ChhotaRajanconvicted in J Dey Murder Case
JyotirmoyDey was the Editor (Investigations) of Midday Eveninger. He was shot dead on June 11, 2011, near his residence in Mumbai.
THE INDIA OBSERVER
Mumbai May 2:
Nearly seven years after veteran crime journalist JyotirmoyDey was gunned down in suburban Mumbai, a Mumbai court on Wednesdayconvicted don Chhota Rajan and eight others in the sensational case and sentenced them to life imprisonment.
The special Maharashtra Control of Organised Crime Act (MCOCA) court, however, acquitted former journalist JignaVora, who was charged with instigating Rajan to carry out the killing. The judge also acquitted Paulson Joseph, who was accused of handling the financial operations concerned with the conspiracy.
Vora broke down in the court soon after her acquittal was announced by the judge.
Rajan, who was witnessing proceedings from New Delhi’s Tihar jail via video conferencing, said “theekhai” (alright) when the judge read out the sentence and asked the gangster if he wanted to say anything.
This is the first major conviction for Rajan since he was deported to India following his arrest at Bali airport in Indonesia in 2015.
Judge Sameer Adkar was likely to award the sentence to the convicts in the J Dey case later on Wednesday. The prosecution has demanded the maximum punishment for the convicts, saying that J Dey was a journalist, who represented the fourth pillar of democracy.
Dey, 56, was shot by two motorcycle-borne men on June 11, 2011, in suburban Powai when he was on his way to his residence.
At that time, he worked as a senior editor for the tabloid Mid-Day.
According to the prosecution, the killing was carried out at the behest of Rajan, who was purportedly “unhappy” with the negative reports that Dey had been writing on his health and his diminishing clout in the underworld.
A total of 12 persons were arrested in the case, including Rajan, Satish Joseph alias Satish Kalya, the shooter, and Vora.
According to the prosecution, Vora, who was out on bail during the pendency of the trial, had been in constant touch with Rajan before the incident.
The CBI, in its charge sheet, had claimed that Vora complained to Rajan about Dey, and instigated him to execute the conspiracy to kill him.
The accused were booked under various sections of the Indian Penal Code pertaining to murder (302), criminal conspiracy (120(b)) and destruction of evidence (204), and under provisions of the stringent MCOCA and the Arms Act.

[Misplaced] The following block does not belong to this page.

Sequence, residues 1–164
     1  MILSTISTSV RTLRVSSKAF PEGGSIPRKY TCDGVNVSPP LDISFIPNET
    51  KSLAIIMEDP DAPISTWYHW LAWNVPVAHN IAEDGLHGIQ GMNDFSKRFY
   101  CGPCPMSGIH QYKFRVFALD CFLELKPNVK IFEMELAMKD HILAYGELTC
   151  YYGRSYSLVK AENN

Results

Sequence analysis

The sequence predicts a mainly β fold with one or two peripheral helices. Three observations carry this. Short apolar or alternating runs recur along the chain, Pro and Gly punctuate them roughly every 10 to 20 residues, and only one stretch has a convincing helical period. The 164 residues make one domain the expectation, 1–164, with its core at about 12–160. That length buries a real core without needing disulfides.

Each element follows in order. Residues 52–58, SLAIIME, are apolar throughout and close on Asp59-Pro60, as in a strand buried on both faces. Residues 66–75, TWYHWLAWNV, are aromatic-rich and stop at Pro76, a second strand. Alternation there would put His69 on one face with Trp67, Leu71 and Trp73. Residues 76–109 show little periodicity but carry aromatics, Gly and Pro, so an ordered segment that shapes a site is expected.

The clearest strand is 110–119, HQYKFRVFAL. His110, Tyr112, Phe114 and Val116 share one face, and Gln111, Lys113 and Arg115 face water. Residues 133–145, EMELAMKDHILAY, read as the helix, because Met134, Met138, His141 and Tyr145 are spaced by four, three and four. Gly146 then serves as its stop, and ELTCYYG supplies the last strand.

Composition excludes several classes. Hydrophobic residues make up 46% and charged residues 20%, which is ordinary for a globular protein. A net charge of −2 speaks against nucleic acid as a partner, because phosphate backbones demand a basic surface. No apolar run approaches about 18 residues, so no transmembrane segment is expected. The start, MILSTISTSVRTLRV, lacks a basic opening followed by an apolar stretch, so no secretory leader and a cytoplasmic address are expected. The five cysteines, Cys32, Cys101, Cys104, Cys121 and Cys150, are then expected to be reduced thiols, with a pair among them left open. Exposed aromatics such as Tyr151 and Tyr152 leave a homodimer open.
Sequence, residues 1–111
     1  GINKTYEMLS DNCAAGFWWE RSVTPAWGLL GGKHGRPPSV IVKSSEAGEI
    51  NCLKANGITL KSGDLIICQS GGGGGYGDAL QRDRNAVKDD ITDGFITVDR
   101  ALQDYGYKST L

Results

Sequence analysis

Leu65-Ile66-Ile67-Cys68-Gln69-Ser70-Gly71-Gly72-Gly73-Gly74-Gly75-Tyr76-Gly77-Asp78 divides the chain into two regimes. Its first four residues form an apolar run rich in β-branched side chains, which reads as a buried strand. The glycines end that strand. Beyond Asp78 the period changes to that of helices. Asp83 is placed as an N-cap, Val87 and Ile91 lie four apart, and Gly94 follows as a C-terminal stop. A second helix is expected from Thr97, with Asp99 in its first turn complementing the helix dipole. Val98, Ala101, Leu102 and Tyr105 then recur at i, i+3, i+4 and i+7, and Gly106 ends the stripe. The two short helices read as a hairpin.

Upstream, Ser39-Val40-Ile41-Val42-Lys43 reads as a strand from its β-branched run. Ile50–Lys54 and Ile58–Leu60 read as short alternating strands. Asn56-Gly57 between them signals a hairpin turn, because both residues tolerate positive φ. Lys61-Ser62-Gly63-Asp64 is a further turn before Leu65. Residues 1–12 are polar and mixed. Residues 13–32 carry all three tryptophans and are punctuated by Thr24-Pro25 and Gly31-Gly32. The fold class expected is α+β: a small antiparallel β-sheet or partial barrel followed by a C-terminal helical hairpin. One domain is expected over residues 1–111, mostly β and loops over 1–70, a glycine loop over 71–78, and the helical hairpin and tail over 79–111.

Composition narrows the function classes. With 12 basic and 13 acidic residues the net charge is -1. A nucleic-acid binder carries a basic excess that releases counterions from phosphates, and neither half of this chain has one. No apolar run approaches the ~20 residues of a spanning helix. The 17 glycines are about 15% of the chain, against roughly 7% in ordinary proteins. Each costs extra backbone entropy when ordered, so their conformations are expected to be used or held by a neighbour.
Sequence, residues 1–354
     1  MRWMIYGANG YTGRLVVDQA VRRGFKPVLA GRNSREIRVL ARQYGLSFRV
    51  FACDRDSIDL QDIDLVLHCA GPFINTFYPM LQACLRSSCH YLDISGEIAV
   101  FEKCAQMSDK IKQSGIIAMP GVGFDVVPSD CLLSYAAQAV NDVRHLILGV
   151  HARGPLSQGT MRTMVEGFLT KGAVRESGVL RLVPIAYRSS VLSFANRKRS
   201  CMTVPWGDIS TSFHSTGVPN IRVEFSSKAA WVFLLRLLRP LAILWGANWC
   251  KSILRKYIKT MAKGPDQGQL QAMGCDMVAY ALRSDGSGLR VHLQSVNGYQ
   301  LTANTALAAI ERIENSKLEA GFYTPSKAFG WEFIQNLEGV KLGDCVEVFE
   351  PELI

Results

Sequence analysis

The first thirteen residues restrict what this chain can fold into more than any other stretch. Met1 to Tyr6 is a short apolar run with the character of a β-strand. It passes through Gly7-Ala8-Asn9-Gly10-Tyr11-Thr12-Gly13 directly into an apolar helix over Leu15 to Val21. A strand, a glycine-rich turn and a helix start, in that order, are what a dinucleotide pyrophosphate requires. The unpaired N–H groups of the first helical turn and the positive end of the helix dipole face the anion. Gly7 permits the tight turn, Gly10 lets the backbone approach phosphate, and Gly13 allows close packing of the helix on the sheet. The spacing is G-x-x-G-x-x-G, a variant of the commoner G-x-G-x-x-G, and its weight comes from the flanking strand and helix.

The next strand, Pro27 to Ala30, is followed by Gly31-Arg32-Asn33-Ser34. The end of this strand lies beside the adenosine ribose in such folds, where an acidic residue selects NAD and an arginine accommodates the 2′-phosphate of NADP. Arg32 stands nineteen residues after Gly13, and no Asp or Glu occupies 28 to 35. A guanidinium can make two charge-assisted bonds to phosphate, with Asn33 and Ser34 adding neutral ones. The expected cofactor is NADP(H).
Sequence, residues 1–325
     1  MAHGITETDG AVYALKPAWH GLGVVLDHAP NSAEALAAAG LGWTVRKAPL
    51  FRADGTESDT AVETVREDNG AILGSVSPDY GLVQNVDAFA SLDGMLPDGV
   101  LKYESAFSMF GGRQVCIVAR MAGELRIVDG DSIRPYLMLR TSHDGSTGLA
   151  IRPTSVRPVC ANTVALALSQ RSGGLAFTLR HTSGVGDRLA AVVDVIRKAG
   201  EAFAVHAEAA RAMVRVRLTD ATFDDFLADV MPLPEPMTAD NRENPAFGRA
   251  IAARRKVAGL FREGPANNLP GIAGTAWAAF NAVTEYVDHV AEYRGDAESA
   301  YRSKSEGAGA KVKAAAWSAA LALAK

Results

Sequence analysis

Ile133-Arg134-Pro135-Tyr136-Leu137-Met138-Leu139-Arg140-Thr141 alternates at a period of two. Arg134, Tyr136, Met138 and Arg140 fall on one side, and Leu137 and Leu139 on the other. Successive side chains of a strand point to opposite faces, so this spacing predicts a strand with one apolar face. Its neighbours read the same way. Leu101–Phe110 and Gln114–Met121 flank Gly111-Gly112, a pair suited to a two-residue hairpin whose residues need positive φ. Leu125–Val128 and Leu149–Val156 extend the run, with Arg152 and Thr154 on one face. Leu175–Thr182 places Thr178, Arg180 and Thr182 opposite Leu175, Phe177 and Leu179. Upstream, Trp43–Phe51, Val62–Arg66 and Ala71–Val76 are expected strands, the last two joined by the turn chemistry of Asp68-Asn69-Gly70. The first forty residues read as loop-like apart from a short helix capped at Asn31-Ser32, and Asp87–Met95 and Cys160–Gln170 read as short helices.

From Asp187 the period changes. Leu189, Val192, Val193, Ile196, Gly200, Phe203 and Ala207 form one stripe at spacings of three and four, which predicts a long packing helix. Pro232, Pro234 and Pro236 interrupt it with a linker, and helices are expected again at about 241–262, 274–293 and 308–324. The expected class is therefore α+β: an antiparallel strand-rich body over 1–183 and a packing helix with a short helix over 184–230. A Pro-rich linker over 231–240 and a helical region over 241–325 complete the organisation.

All the nine persons convicted in the case will face a sentence under the MCOCA and IPC section 302 — which imposes the maximum punishment of death penalty. they are also liable to pay a fine under IPC section 302.
Defense advocates urged the court to show leniency towards the convicts on several grounds such as their age, that some of them had young children, or ailing parents to take care of.
They also argued that the present case could not fall into the category of the ‘rarest of rare’ — an essential factor to warrant the death penalty under the IPC Section 302.
The prosecutor, PradeepGharat, however, argued that rarest of rare or not, the fact remained that the nine persons had been convicted under Section 302 and faced either the death penalty or imprisonment for life.
He said the court while sentencing them, must keep in mind that it needed to send out a “strong message”.
He also urged the court to award “some part” of the fine imposed upon the convicts to Dey’s sister to help her.Gharat claimed that Dey’s sister suffered from “some illness” and that the monetary assistance would help her live a better life.
“The victim was a journalist and represented the fourth pillar of our democracy. A journalist was attacked for doing his job, and astringent note must be taken of this fact by the court. A strong message needs to be sent out to the public,” Gharat said.
Besides Rajan, the others convicted in the case are SatishKaliya, Anil Waghmode, Abhijit Shinde, NileshShendge, Arun Dake, MangeshAgawane, Sachin Gaikwad and Deepak Sisodia.